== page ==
Police boost virus controls as Italians make bid for freedom
A doctor looks at a brochure as she listens to a speech of director of UOC Psychiatry and Clinical Psychology during a scheduled course with PhD students to deal with emotional management of personal family and work issues to the Intensive care unit for patients infected by the novel coronavirus COVID-19, at the Policlinico di Tor Vergata hospital, in Rome on April 8, 2020.–AFP
Police in Italy tightened lockdown controls Wednesday as cabin fever and a slowing in the coronavirus death toll tempted Italians out in increasing numbers.
One month since the nationwide measures were enforced, Italy’s “Phase 2” plans for easing the lockdown have gripped the nation but also divided it.
There are those who insist the economically crippling shutdown must end and those who fear the deadly disease could rebound.
In the wealthy northern Lombardy region, hardest-hit by a virus that has claimed over 17,500 lives nationwide, traffic was up over 10 percent compared to a week ago. Local authorities described that as “alarming”.
Milan’s mayor Beppe Sala said roadblocks would be increased.
Officials there fear that the coming Easter weekend might encourage people to flout the ban on leaving the house except to shop for essential food or medicine, or for work.
Experts have warned the lockdown will cause a long and devastating recession, and see millions lose their jobs—despite a 25-billion-euro ($27 billion) emergency support programme from the government and more to come.
The governor of the Veneto region Luca Zaia said Wednesday he had “a plan ready to help businesses open again, while protecting workers’ safety”. He was just waiting for a green light from the government, he said.
But Prime Minister Giuseppe Conte has repeatedly urged caution. He cites the scientific community when he insists that the lifting of the lockdown cannot be rushed because it could spark another epidemic in another part of the country.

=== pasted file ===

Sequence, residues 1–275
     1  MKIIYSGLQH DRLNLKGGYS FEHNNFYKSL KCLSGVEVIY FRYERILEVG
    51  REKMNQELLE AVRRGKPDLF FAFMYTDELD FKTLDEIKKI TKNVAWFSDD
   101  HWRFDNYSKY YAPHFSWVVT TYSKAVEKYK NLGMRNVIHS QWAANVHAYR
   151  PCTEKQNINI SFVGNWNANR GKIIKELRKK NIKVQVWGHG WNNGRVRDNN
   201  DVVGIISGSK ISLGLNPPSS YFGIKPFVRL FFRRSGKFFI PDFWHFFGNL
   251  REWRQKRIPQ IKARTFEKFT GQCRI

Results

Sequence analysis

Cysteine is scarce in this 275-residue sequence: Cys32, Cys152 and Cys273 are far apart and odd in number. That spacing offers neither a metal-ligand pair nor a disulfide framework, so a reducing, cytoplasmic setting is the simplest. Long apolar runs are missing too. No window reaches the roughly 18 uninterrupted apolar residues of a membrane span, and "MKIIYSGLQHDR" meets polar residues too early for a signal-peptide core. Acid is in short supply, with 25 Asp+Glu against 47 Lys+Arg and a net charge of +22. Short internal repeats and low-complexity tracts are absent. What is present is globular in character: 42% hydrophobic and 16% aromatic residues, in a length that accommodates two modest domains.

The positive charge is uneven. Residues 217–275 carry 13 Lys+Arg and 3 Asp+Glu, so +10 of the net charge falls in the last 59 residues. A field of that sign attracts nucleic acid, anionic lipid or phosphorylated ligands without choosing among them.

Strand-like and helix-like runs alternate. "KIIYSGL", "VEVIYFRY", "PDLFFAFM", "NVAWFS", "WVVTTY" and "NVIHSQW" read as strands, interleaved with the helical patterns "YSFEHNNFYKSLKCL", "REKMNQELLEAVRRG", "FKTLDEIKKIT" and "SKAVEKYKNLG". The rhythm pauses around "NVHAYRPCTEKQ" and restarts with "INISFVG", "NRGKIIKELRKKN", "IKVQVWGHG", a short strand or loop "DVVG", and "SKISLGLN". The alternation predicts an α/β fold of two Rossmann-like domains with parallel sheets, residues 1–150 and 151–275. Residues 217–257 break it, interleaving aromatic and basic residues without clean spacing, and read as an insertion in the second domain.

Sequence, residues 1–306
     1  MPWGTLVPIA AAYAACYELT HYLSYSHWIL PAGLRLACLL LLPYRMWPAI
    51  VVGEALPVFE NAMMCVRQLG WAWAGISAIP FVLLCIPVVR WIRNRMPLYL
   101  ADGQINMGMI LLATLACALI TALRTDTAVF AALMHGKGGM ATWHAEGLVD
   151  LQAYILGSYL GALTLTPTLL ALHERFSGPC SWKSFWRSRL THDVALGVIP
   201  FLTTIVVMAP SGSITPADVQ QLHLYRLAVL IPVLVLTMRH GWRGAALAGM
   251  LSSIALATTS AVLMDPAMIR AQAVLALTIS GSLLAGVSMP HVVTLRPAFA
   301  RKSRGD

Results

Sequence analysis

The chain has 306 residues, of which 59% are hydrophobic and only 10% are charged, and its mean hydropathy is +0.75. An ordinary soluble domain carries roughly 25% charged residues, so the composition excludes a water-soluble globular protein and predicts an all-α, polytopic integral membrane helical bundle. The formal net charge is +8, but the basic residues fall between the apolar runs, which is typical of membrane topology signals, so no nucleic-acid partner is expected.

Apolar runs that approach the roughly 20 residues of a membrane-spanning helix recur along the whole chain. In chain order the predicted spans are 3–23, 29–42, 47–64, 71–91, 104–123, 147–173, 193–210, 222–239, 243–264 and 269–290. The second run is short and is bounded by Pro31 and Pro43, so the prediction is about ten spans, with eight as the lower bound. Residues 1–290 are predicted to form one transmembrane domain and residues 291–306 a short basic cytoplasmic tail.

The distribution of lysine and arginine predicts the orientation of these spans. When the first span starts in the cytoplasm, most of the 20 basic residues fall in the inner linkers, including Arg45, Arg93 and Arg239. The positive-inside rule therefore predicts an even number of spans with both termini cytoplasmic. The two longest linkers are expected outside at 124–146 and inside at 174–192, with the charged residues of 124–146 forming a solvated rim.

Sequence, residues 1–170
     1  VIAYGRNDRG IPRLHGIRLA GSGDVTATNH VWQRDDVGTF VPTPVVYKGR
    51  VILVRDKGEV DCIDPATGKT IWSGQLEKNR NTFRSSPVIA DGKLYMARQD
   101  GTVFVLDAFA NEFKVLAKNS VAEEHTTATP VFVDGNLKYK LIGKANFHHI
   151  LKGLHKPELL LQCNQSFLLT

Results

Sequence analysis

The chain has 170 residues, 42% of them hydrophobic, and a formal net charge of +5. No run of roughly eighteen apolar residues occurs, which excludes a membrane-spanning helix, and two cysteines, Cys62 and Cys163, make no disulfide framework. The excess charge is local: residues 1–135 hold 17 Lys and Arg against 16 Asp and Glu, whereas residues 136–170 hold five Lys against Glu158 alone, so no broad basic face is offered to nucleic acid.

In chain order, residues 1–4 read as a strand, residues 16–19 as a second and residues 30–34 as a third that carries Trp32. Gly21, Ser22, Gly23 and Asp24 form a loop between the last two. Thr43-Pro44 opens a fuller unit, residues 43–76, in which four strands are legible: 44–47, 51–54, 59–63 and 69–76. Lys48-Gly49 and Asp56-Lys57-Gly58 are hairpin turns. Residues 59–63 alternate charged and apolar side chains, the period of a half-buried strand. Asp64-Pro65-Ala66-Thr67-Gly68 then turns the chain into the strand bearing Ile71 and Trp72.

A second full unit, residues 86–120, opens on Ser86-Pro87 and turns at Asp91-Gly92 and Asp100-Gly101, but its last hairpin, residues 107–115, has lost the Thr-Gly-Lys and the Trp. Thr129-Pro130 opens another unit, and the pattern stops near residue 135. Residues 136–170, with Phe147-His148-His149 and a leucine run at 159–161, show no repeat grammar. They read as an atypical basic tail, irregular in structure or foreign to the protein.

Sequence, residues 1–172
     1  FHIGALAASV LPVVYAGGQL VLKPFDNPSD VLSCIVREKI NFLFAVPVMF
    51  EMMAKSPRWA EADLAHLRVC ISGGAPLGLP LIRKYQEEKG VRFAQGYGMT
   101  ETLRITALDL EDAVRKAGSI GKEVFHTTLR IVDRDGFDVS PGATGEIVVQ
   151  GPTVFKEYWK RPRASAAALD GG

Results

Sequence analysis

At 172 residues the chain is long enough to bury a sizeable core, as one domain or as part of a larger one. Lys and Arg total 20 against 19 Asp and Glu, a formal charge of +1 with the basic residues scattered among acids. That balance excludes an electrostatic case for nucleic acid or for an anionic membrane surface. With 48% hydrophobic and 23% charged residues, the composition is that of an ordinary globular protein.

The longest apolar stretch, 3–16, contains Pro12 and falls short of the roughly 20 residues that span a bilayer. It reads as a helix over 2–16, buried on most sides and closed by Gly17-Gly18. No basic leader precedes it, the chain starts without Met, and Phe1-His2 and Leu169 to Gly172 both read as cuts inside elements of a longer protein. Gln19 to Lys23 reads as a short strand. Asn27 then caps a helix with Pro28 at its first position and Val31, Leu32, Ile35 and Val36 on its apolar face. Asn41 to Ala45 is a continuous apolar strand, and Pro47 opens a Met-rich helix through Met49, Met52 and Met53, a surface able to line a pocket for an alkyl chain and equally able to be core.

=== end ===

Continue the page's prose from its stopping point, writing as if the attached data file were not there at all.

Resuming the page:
‘Keep guard up’
Italy’s epidemic has peaked. While the civil protection agency reported 542 new deaths Wednesday, with nearly 140,000 people infected, it also said a record 2,099 people had recovered in the previous 24 hours.
The infection rate however was slightly up -- 2.8 percent compared to 2.3 percent on Tuesday.
The agency’s chief Angelo Borrelli said that showed “we must keep our guard up, and follow the rules to stop the spread”.
“Today’s figures show we’re not yet seeing a clear decline (in the virus),” the World Health Organization’s deputy director Ranieri Guerra told journalists.
“We’re on a plateau, which is turning into a downward trajectory quite slowly. This means there is a reservoir of asymptomatic infected people who are continuing to spread the virus”.
He said there were “many” preliminary steps to be taken before easing the lockdown.
Those would include spot tests on the population to determine whether specific employment sectors could be more or less vulnerable to the virus, he said.
‘Everything humanly possible’
Those keen to relaunch the economy have suggested industrial activity could be allowed to start again on April 14. A broader lifting of restrictions—with social distancing still in place—could be allowed on May 4, they argue.
But the WHO’s Italian government adviser Walter Ricciardi told the Stampa daily “that’s not enough time”.
Social distancing measures might have to be enforced “until the end of the year”, he added.
The head of WHO Europe had the same message in a news conference Wednesday.
“Now is not the time to relax measures,” said WHO regional director for Europe, Hans Kluge.
“It is the time to once again double and triple our collective efforts to drive towards suppression with the whole support of society.”
Medical staff also fear that easing the lockdown will undo all the good work it has done so far.
Laura Lupi, a 24-year old Italian nurse, made that point in a statement from the virus frontlines published on the United Nations website.
“We will do everything that is humanly possible to overcome this situation together and we will succeed; we must. Never underestimate us nurses,” she said.
“The only thing we ask you is to stay at home for us. We will stay at work for you.”